of logs passed down Monday even
ing. ine coik scow and horse raft
brought up the rear.
Mr". J. Fred Yates went to tbe
Bay Monday for the season. She
will be with the family of Joseph
Henry Allen, wife and daughter,
and Dr. and Mrs. Harper laft
yesterday morning for a week or
ten days' stay in Aleea.
Regular meeting of the W. C. T.
U. will occur at the Reading Room
tomorrow. Thursday afternoon at
3 o'clock. All cordi.lly., invited.
The open Reason for deer be
gan the 15th, and there is consider
able hustling among sportsmen to
get into the mountains to try their
new guns or take renewed satisfac
tion in the accuracy of the old one.
Mr. and Mrs.Eph Cameron left
yesterday for their home at Union,
after a visit with Corvallis relatives
and friends. They expect to visit
relatives in Portland on the way
George Houck and Family of Eu
gene, accompanied by Mrs, Deli
lah Houck, passed through town
yesterday, enroute t.o Newport,
where they are to spend the sum
mer. Amy and Mabel children of'Prof
fessor Pernot, and a number of
friends were given a lawn party
Monday af'ernoon by their grand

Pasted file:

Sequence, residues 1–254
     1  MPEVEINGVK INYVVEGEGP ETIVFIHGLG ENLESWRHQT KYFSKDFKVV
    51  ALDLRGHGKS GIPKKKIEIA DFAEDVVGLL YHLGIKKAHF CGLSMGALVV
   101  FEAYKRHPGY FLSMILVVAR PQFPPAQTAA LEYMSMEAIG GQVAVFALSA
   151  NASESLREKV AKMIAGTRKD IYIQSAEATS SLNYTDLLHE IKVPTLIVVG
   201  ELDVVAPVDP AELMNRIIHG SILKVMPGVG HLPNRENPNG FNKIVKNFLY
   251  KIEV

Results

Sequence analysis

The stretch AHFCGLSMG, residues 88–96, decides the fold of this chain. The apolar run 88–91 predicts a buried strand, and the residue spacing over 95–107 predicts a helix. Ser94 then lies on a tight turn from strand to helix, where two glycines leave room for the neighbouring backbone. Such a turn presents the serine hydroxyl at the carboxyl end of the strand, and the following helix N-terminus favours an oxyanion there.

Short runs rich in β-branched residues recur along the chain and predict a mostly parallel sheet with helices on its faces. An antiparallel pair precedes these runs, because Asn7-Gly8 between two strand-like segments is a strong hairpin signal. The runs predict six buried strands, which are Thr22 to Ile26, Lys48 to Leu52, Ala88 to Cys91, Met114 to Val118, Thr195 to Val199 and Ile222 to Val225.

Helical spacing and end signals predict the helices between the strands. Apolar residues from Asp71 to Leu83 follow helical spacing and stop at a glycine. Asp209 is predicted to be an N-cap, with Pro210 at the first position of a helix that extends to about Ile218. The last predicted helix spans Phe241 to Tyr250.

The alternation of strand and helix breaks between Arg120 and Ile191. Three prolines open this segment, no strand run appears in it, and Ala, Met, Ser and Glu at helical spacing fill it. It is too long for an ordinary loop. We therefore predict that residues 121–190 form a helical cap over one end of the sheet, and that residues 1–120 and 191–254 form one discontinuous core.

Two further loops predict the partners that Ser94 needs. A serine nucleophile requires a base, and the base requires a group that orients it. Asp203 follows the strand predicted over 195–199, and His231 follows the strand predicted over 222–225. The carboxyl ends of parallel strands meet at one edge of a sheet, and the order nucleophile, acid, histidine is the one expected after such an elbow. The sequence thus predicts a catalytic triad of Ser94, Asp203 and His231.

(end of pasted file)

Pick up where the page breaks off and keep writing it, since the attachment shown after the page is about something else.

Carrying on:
parents, Mr. and Mrs Geo. Coote.
Misses Carre and Josie Garrow
leave today for their home at Mar
inette, Wisconsin, after a pleasant
visit at the Garrow home in ' this
A pafty consisting of Mrs. E. G.
Garrow, Mr. and Mrs. A, J. Metz
gar, Misses Carrie and Josie Gar
row of Wisconsin, Miss Mae Man
gas; Jame Bier , and Theolore
Garrow spent Sunday on Mary's
There is one grocery" store in'" town
which does not dose at 6 o'clock. That
Wood." Inquire at Times office.
Geo. A. Mason aud wife of Lob
ster were trading in . Corvallis
Monday, They recently pur
chased the holdings of Ben Brat
ton on Lobster, aud an adjoining
ranch, and have settled with hopes
of a beneficent future. Box post
office is among their recent -acquisitions.
P. M. Zierolf has installed two
eight foot glass counters in his gro